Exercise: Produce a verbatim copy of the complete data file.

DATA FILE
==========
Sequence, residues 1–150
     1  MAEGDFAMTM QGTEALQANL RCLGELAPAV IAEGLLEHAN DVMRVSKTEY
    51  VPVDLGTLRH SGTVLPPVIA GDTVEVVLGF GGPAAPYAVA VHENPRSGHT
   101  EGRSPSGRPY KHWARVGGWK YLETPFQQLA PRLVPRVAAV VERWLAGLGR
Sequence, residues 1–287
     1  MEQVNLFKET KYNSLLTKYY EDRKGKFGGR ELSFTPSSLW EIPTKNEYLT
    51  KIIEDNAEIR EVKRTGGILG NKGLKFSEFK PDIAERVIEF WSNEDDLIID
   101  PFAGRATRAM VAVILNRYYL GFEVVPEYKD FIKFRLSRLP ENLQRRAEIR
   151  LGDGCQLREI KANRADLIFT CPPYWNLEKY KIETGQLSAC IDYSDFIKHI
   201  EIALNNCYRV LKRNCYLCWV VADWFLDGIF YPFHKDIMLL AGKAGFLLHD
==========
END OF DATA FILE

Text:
Sequence, residues 1–150
     1  MAEGDFAMTM QGTEALQANL RCLGELAPAV IAEGLLEHAN DVMRVSKTEY
    51  VPVDLGTLRH SGTVLPPVIA GDTVEVVLGF GGPAAPYAVA VHENPRSGHT
   101  EGRSPSGRPY KHWARVGGWK YLETPFQQLA PRLVPRVAAV VERWLAGLGR
Sequence, residues 1–287
     1  MEQVNLFKET KYNSLLTKYY EDRKGKFGGR ELSFTPSSLW EIPTKNEYLT
    51  KIIEDNAEIR EVKRTGGILG NKGLKFSEFK PDIAERVIEF WSNEDDLIID
   101  PFAGRATRAM VAVILNRYYL GFEVVPEYKD FIKFRLSRLP ENLQRRAEIR
   151  LGDGCQLREI KANRADLIFT CPPYWNLEKY KIETGQLSAC IDYSDFIKHI
   201  EIALNNCYRV LKRNCYLCWV VADWFLDGIF YPFHKDIMLL AGKAGFLLHD